Date of Award


Document Type


Degree Name

Doctor of Philosophy (PhD)


Oceanography and Coastal Sciences

First Advisor

Masamichi Inoue

Second Advisor

James H. Power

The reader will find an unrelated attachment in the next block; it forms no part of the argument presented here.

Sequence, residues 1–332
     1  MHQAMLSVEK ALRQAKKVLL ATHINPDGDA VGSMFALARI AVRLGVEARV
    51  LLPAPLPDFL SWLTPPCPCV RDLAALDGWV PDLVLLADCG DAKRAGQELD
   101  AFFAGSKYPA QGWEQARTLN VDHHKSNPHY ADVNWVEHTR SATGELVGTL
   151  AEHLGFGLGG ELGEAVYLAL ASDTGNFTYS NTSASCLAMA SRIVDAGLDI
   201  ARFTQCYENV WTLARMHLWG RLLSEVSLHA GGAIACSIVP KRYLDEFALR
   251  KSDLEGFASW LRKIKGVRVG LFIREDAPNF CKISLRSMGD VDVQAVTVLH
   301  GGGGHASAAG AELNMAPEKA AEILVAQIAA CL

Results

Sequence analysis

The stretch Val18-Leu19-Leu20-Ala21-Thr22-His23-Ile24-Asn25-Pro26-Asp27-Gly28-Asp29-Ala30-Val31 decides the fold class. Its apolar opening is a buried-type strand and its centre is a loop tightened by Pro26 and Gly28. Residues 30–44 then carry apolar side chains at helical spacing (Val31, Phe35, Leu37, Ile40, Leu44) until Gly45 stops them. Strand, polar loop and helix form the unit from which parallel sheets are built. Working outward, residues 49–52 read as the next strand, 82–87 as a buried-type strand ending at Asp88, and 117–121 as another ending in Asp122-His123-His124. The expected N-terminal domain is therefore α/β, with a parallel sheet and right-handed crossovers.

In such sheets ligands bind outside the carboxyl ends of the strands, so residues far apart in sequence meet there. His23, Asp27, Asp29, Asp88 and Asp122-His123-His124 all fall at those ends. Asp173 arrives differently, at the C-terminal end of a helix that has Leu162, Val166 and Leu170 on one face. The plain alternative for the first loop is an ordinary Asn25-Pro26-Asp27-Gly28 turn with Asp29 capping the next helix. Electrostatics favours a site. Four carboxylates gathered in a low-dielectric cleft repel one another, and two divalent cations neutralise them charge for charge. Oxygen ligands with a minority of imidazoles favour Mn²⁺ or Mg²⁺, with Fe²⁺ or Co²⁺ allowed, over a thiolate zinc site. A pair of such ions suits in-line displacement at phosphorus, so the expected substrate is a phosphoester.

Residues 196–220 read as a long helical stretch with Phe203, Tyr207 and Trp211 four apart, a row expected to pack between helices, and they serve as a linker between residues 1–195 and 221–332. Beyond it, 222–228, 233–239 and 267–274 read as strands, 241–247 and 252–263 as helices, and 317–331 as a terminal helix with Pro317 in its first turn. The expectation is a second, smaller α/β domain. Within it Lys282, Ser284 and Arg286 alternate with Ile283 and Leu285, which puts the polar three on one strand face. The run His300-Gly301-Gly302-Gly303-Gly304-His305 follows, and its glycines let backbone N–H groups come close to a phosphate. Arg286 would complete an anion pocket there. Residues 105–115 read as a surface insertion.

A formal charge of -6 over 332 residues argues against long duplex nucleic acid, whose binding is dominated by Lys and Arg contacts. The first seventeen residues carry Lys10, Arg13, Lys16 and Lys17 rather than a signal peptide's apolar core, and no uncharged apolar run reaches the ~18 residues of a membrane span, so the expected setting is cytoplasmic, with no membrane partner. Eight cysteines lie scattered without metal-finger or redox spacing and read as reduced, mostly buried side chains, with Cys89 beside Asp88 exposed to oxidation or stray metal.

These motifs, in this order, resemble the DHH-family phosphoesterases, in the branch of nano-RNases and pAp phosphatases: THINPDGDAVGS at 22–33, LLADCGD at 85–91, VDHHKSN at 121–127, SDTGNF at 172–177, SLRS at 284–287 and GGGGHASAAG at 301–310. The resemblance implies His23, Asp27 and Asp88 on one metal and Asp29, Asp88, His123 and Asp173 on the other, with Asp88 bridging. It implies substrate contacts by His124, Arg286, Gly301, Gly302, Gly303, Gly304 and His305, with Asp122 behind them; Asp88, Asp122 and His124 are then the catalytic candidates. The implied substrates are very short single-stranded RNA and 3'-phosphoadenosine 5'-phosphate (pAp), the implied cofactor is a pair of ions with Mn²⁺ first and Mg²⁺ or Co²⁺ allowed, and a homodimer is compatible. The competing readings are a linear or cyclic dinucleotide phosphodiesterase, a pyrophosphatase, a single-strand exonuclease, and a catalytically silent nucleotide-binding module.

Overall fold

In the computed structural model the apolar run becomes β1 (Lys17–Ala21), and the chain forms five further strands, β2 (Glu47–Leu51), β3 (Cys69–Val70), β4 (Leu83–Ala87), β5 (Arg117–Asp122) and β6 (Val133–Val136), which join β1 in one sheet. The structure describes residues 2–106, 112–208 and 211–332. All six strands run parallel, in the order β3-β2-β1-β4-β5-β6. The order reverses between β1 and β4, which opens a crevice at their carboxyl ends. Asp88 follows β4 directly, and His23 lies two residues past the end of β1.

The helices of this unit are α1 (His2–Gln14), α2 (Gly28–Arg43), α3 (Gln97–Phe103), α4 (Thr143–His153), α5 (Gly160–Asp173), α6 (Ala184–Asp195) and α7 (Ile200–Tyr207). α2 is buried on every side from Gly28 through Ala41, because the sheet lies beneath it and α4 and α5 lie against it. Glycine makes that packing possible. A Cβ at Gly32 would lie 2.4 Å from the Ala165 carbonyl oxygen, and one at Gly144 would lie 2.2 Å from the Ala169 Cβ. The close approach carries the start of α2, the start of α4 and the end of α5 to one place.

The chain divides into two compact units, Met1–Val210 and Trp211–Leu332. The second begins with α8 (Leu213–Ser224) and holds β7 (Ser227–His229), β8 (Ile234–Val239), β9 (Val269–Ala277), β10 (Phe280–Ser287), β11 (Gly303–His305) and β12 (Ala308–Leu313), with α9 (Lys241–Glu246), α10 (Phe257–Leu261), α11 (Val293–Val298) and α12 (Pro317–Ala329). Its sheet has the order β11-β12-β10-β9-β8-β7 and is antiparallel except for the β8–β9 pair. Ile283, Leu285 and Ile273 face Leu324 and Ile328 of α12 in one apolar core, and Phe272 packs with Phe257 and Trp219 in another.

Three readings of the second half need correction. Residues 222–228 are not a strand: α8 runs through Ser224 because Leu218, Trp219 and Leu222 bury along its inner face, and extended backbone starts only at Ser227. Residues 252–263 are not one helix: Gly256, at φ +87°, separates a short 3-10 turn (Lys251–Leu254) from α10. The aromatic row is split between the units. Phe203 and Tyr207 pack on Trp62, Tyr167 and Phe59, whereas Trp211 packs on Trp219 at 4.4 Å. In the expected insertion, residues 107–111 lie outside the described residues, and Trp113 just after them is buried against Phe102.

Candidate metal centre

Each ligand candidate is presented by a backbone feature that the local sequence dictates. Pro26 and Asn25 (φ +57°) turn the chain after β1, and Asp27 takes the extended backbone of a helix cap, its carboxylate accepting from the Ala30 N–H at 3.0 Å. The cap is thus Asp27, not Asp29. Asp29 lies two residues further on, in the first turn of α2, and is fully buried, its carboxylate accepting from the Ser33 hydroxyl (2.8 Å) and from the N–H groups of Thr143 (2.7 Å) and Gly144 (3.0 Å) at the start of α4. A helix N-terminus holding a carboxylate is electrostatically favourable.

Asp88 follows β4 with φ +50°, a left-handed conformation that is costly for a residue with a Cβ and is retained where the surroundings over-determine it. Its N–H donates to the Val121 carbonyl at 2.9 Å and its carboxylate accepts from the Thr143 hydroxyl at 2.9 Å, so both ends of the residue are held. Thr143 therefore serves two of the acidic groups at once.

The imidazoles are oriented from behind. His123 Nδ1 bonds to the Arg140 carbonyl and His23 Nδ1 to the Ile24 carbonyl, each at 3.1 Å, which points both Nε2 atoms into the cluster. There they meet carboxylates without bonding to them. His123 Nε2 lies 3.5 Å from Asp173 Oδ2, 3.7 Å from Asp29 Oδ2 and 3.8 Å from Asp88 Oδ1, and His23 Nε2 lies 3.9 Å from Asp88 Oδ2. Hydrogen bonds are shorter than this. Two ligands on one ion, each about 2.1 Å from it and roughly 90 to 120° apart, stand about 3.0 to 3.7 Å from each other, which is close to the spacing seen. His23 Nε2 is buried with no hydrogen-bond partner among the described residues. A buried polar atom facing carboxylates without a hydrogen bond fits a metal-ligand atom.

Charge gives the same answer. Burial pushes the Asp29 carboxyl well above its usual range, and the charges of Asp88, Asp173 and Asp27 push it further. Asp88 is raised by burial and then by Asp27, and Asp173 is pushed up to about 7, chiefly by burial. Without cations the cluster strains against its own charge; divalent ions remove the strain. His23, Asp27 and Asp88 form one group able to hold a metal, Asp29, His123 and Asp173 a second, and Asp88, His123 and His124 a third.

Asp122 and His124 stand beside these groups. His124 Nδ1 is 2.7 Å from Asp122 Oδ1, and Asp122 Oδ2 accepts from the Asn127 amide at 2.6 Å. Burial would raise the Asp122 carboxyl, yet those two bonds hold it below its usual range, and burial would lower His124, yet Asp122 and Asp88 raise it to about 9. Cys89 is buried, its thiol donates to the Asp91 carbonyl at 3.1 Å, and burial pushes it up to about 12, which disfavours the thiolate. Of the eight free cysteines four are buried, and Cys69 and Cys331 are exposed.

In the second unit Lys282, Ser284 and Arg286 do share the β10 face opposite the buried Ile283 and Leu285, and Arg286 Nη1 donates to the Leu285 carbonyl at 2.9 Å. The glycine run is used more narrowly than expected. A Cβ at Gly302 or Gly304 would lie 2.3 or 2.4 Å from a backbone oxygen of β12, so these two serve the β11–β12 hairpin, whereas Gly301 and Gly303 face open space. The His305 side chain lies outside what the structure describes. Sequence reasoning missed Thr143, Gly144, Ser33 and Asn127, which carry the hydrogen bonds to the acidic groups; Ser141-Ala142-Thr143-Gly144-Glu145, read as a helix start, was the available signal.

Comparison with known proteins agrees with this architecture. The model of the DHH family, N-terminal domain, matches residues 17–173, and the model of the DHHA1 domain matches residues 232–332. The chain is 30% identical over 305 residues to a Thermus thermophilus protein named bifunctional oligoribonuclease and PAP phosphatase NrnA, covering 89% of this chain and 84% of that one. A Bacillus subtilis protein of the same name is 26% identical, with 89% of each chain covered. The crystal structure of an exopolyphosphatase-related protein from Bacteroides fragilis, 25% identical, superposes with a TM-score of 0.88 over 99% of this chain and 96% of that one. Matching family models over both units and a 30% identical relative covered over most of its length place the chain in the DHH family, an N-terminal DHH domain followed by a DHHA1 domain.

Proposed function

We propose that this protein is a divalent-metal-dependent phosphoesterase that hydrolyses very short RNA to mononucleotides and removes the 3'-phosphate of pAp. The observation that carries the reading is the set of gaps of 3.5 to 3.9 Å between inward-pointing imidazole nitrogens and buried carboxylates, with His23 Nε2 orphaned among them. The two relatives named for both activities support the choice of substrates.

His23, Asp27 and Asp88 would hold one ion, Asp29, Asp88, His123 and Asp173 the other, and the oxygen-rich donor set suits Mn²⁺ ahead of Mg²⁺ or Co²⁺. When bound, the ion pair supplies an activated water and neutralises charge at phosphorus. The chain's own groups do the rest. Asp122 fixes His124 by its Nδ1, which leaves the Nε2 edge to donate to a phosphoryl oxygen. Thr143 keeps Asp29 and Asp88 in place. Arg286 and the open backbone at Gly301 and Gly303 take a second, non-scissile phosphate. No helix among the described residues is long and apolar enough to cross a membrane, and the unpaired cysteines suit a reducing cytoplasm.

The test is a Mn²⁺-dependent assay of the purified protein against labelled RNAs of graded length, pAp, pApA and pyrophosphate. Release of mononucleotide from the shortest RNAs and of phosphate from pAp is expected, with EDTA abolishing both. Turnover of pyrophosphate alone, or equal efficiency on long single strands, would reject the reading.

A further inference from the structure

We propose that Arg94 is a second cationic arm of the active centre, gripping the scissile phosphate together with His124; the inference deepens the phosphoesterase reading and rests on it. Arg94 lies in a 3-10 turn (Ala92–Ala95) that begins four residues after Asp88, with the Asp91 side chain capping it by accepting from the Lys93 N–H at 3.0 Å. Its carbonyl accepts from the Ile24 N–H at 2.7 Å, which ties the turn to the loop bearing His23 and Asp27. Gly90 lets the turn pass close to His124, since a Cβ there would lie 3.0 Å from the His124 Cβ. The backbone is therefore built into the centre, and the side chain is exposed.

Field studies were conducted to characterize flow fields and their effect on larval transport and retention within Barataria Bay, Louisiana. Drifter tracking and passive larval sampling was conducted monthly during the spring and summer months from 1994 through 1996. Fifteen drifter tracking sessions were conducted over full tidal cycles (diurnal). Drifter positions were determined approximately every thirty minutes using a GPS receiver. A spline interpolation was used to estimate drifter positions at synchronous five-minute intervals. An analytical methodology of Okubo and coworkers was used to compute deformations; and changes in patch variances from the drifter positions. Mean tidal advection and current speeds for each tracking session were also calculated. Blue crab (Callinectes sapidus) was selected as a model species and artificial substrates were used to sample blue crab megalopae during tracking sessions and at three fixed locations within Barataria Bay. Maximum advection during a tidal phase exceeded 9,400 m. Tides appear to be the most important factor in larval advection, but wind forcing appears to be important in altering the direction of advection and the encounter rates with the shoreline. Coastal topography and bathymetry also altered the direction of tidal advection and increased deformation rates. Passive larvae within 3 km of the tidal passes at the start of an ebb tide are at risk of exportation to the Gulf of Mexico. Maximum current speeds were 8--33 cm s -1 in the upper embayments, and 16--41 cm s-1 in the main section of Barataria Bay. The order of magnitude was 10-5--10-4 s-1 for mean horizontal divergence and mean stretching deformation; 10 -7--10-4 s-1 for mean shearing deformation rates; and 10-6--10 -4 s-1 for mean relative vorticity. Mean increases in the patch variances were <1--4 m per five-minute time interval. Most blue crab megalopal settlement occurred in July and August in low and intermediate salinities. Settlement was episodic in both time and space with over 85% of the settlement at fixed sampling sites occurring in only 30% of the sampling time and at only one site, and 79% of the settlement during tracking sessions occurring in just a single tracking session.